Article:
How do other people deal with the torrent of information that pours down on us all? Do they have some secret? Perhaps. We are asking various friends and colleagues who seem well-informed to describe their media diets. This is from an exchange with Stephen Lang, award-winning stage and film actor most recently seen as Colonel Miles Quaritch in Avatar.
I get my "current events"—a nostalgic term for me from my days at P.S. 178—from The New York Times online and a water-logged Wall Street Journal lying around at the gym. I read Variety and The Hollywood Reporter online as well. I cannot read on the treadmill, StairMaster, or elliptical and am dubious of people who do.
I read whatever my wife recommends in The New Yorker. I do not read the fiction or poetry. I read Smithsonian Magazine and American Motorcyclist cover to cover. When I am waiting in the dentist's office I read Architectural Digest and Highlights For Children. I do not mind waiting.
On the checkout line at ShopRite I read whichever rag I can get my hands on. I read The New York Post and The Daily News on the subway—good sports and I like the jumble.
I rove between the major news anchors. I know they try hard and it is not their fault that they are not Cronkite or Jim Jensen. Al Roker is aces and Christiane Amanpour is queen of the airwaves. I cannot watch Beck for more than 30 seconds—it's like breathing sulphur. Chris Matthews talks too loud. Imus wore out his welcome a long time ago.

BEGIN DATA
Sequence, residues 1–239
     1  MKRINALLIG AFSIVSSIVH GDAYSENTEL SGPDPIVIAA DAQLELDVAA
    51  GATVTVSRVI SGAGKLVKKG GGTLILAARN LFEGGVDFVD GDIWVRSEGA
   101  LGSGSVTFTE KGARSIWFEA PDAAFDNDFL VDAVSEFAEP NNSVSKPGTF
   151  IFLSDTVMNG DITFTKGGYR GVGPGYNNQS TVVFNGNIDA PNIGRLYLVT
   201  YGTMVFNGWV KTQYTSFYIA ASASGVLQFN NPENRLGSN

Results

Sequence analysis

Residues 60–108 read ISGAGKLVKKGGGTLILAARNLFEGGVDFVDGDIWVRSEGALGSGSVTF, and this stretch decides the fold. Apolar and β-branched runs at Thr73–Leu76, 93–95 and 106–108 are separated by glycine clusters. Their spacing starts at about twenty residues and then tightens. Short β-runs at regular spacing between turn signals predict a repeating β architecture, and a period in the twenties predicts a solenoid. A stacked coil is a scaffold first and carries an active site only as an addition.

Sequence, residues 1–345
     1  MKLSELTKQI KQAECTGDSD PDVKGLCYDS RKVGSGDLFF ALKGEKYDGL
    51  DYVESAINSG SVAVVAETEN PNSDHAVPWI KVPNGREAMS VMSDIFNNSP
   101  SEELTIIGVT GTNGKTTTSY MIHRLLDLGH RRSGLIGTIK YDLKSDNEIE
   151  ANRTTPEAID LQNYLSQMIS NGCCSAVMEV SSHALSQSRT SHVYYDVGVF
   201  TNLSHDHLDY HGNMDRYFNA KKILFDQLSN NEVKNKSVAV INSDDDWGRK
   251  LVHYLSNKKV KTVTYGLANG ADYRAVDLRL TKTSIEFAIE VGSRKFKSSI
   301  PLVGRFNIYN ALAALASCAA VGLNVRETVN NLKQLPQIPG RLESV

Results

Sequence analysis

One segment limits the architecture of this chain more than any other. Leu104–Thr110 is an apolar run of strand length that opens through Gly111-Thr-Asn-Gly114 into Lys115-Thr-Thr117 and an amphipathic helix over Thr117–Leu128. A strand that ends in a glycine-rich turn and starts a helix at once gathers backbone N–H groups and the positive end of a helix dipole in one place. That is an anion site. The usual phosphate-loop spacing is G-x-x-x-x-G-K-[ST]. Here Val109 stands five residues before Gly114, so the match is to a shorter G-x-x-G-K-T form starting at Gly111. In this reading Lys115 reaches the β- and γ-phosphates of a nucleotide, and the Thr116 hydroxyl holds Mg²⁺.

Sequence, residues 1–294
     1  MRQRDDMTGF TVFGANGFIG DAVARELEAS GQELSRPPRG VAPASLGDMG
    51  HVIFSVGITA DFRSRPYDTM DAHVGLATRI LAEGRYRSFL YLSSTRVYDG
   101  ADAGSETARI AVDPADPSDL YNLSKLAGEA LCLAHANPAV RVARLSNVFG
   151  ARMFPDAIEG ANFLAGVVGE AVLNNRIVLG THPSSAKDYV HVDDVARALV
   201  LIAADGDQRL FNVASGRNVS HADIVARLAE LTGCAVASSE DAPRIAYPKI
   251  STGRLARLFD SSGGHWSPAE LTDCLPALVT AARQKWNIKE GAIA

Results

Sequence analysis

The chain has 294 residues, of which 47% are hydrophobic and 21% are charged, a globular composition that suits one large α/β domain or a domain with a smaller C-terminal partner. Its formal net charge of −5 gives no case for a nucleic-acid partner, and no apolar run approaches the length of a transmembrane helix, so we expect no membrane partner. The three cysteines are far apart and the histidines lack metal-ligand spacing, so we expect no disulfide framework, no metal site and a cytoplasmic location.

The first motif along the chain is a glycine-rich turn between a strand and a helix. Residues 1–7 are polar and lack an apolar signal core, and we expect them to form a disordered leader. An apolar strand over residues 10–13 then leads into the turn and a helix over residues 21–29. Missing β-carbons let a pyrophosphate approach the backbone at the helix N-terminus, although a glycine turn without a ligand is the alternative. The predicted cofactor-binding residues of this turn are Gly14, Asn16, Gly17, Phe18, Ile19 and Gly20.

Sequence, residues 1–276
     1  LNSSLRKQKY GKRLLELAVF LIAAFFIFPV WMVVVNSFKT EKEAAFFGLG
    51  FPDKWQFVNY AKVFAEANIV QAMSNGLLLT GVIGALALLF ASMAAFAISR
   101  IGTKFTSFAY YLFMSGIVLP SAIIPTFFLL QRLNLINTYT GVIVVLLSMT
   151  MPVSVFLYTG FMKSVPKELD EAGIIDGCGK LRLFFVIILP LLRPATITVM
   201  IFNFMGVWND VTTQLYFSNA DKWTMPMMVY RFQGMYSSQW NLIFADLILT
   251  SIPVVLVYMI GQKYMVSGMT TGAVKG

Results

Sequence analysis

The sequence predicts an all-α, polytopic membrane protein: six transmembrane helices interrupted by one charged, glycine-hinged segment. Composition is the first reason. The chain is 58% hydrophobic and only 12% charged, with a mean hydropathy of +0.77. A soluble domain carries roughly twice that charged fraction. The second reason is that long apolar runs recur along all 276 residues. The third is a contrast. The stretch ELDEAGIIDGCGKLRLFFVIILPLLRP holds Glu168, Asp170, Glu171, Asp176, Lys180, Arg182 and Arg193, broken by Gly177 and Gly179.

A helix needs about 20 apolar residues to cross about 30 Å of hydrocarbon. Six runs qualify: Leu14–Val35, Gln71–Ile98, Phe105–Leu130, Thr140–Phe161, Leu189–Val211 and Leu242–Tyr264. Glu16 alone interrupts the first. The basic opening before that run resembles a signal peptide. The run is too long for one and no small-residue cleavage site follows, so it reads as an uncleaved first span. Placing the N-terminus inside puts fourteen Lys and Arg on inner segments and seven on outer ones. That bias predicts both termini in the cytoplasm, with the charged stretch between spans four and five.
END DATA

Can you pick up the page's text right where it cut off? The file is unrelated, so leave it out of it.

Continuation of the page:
I have always liked Ernie Anastos (Fox 5 News New York) and Sue Simmons (NBC News 4 New York)--him for his sunniness and her for her tartness. It was great when she swore on the air. Sorry I missed it. Warner Wolf (1050 ESPN Radio) is still the best for sports.
I will recommend a movie: 44 Inch Chest. Thin story, one set and sometimes the dialogue is hard to understand because accents are smeared on thick, which doesn't matter because Ray Winstone, Tom Wilkinson, John Hurt, Stephen Dillane and Ian MacShane give a master class in character acting. Think Massey Hall Quintet or the 1970 Knicks—they are that skillful, that much fun to watch. Warning: Really really filthy language.
This article is from the archive of our partner The Wire.